Prepay meters scandal exposes how broken our energy market is
Jack Sargeant, MS Alyn and Deeside
Speaking to residents late last year, I began to hear more and more about prepay meters and it became clear to me that something was going very wrong. I kept hearing the same thing, people being forcibly switched and that many of them were unwell.
In December I wrote to the Secretary of State Grant Shapps and called for a ban on the forced installation of prepay meters. It was shortly after this that I read a piece by campaigning journalist Dean Kirby, who had witnessed the problem first hand.
Dean was in a magistrate’s court, to watch a hearing, where a debt collection agency working for several suppliers was applying for warrants to forcibly install prepay meters. In around three minutes – almost 500 warrants were approved without so much as a name being read out.
This is significant because energy suppliers are supposed to check that the individual concerned is in no way vulnerable. This clearly didn’t happen. Combine this with another statistic, that just 72 of 500,000 applications to install prepay meters last year were turned down, and you begin to realise the true scale of the problem.
Through a series of revealing articles, Dean painted a picture of absolutely no checks being done and potentially hundreds of thousands of vulnerable people being forcibly switched. For many of these people this is a matter of life and death. I contacted Dean to better understand what was happening and began to ask a series of questions in the Senedd. I was regularly tabling urgent questions as, the more that was revealed, the more dangerous this scandal became. The Welsh Government joined my calls for a ban and belatedly the Secretary of State recognised there was a serious problem but did nothing beyond write to suppliers.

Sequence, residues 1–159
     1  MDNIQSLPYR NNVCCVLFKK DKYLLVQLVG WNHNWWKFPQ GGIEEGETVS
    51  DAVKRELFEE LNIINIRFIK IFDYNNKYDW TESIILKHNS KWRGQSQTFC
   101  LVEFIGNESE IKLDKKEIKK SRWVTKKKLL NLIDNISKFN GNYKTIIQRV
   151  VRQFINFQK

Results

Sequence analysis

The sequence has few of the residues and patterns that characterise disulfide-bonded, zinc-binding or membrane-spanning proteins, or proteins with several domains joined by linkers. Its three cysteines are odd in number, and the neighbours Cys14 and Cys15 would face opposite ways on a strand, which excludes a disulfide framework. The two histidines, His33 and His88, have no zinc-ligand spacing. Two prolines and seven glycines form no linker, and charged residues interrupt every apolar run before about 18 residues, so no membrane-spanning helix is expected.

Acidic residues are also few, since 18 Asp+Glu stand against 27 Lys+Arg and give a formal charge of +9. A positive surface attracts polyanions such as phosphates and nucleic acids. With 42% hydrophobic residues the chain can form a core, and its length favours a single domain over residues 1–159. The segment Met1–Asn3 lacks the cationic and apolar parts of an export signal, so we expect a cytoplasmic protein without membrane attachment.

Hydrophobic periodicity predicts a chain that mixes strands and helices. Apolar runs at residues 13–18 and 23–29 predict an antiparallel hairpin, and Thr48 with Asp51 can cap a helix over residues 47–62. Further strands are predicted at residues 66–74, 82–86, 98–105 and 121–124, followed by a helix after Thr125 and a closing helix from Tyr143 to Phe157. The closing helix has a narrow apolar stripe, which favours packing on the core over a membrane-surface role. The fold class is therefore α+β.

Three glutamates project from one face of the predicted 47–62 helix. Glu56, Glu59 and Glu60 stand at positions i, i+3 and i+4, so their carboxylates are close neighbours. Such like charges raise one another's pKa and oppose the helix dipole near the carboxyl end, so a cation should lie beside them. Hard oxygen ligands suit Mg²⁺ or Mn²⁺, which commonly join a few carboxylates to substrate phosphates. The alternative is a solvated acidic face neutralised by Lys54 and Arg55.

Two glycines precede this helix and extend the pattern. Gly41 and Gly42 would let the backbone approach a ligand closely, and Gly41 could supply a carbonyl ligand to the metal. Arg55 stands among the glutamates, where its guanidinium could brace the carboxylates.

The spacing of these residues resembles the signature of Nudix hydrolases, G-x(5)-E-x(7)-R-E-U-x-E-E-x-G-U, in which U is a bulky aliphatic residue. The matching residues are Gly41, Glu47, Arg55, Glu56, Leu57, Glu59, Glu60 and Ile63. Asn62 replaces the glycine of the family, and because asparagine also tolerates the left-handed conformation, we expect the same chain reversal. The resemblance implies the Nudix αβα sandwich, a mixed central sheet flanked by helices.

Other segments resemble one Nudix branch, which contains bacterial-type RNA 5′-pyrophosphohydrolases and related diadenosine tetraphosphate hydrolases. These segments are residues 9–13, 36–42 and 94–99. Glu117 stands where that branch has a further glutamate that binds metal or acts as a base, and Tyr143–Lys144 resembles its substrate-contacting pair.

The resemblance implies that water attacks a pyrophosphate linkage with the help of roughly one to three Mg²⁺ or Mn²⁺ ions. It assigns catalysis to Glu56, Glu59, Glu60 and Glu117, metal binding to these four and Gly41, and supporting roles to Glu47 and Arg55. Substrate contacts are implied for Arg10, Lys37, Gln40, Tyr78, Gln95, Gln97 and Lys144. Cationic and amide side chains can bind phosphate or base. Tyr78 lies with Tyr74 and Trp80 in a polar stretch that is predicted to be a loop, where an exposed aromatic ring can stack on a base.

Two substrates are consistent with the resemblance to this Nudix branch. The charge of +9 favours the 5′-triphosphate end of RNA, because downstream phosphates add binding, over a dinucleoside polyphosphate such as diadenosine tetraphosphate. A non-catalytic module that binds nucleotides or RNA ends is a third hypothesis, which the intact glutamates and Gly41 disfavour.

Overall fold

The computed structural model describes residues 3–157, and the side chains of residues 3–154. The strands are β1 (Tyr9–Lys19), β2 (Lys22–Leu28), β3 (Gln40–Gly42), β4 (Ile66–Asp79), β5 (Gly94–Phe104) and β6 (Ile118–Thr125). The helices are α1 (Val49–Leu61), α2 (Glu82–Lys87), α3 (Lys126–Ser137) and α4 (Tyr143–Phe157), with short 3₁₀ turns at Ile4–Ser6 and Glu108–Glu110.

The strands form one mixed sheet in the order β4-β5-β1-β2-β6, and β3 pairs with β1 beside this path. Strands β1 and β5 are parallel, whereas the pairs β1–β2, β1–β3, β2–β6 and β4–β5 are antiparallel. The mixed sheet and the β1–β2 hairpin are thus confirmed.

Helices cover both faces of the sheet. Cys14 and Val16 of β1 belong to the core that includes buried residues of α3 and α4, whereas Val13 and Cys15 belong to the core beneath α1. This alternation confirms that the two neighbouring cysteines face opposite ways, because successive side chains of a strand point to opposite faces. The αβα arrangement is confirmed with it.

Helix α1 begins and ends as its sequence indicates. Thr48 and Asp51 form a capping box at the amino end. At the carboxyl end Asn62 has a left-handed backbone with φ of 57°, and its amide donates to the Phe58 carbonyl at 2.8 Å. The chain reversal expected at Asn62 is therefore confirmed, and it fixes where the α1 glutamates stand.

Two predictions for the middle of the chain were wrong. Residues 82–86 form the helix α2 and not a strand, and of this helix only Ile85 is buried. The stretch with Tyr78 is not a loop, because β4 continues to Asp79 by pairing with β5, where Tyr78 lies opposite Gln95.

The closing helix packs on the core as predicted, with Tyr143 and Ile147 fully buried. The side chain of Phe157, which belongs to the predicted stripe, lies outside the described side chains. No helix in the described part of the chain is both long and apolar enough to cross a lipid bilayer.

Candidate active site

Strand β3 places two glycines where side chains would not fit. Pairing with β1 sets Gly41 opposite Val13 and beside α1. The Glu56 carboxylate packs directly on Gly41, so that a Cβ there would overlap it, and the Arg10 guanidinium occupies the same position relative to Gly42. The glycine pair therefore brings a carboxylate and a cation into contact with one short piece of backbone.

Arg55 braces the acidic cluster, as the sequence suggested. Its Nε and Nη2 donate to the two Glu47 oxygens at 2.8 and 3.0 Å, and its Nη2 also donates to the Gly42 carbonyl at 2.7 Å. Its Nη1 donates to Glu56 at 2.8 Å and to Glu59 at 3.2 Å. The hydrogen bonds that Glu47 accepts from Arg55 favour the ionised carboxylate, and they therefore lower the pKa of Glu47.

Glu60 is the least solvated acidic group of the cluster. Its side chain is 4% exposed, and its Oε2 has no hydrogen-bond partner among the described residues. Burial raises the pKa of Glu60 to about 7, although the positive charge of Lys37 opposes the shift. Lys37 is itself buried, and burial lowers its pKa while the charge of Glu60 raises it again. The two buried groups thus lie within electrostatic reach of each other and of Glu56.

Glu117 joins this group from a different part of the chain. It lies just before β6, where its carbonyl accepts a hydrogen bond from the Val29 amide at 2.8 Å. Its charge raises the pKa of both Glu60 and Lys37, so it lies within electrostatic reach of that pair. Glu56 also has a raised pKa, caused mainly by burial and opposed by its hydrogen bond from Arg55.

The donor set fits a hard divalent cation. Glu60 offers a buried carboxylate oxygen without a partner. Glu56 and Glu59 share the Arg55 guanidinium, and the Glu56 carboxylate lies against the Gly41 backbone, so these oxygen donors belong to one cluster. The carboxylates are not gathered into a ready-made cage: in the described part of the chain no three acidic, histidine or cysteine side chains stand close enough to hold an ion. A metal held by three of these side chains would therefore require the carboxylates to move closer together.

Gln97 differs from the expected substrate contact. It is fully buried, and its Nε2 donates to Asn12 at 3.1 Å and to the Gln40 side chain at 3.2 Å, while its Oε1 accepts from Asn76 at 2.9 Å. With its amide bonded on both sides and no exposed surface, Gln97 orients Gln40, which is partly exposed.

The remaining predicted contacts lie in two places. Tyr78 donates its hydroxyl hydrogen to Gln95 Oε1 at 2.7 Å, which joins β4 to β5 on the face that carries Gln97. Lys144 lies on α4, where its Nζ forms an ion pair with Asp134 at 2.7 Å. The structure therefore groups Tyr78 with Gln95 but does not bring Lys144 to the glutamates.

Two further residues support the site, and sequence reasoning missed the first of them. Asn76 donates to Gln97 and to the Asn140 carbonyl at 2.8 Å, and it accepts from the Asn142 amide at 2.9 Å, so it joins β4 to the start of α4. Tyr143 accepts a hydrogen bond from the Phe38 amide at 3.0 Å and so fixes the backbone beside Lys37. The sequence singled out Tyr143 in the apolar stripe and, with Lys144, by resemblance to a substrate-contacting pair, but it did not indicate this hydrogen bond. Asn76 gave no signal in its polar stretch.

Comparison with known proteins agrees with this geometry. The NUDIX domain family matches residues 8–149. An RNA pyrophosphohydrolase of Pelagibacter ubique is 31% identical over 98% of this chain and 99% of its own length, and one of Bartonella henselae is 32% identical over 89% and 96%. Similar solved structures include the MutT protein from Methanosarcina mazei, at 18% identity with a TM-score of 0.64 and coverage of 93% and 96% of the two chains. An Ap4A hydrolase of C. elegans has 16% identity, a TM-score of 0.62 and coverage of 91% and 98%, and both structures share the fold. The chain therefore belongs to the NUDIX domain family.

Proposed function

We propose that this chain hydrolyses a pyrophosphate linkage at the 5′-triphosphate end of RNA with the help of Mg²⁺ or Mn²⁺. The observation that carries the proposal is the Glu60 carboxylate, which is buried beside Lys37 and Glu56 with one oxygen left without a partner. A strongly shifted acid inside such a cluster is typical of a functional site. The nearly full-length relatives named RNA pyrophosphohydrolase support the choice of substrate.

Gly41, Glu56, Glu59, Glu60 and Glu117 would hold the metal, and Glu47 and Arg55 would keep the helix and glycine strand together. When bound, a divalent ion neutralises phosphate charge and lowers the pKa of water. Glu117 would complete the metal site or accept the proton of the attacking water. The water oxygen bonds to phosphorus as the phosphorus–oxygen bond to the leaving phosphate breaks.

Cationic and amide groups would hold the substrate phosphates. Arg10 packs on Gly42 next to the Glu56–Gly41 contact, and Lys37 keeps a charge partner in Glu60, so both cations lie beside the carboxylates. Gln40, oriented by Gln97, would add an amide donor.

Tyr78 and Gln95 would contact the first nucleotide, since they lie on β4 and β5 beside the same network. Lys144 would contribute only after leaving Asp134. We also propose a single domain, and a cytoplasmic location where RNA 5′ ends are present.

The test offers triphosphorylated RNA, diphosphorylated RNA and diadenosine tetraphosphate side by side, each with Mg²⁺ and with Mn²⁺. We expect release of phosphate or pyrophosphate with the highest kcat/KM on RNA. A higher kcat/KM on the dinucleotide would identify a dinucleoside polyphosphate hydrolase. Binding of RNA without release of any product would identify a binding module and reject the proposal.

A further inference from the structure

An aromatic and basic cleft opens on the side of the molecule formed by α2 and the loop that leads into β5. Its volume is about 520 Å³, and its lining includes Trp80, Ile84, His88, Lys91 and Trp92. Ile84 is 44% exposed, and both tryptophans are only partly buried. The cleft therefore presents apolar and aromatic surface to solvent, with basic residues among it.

The campaign gained further momentum when a Times Newspaper exposé managed to catch on video debt collection agents forcibly installing prepay meters in the homes of very vulnerable people. A leaked memo was also sent to the BBC showing that the magistrates process had been streamlined meaning that courts were batch processing warrants without checks.
At this point OFGEM, the regulator that had previously been asleep at the wheel, worked with suppliers to get them to agree to a temporary moratorium on the installation of prepay meters until the end of March.
This week however, two extraordinary things happened that showed how broken our energy market is. Ofgem wrote to the suppliers about their concerns – that not being able to forcibly install prepay meters, often in vulnerable people’s homes, would cost them money. Ofgem conceded in the letter that it might be necessary for the suppliers to put up everyone’s bills, to cover this cost. The next two days saw two of these energy companies announcing record profits.
I am absolutely furious, and I know there will be absolutely zero sympathy for these companies in Alyn and Deeside and frankly everywhere else. There is no way our bills should go up!
It is clearly time for a huge change to our energy markets. This is an essential utility and should be delivered in a way that benefits society and not interests of increasing profits for the energy suppliers. Especially as these profits are driving inflation and the cost-of-living crisis.
We cannot allow a system to continue that sees vulnerable people’s lives put at risk because they are constantly faced with being cut off. The stats for people running out of money on their prepay meters have gone through the roof.
I have come the conclusion that we need to legislate. In the late 1990s legislation was introduced to stop people’s water supply from being cut off. Water companies could still seek to recover debts, but they could not cut people off. This was because water is needed to sustain life, the same can be said for energy and we need to put this into law.”
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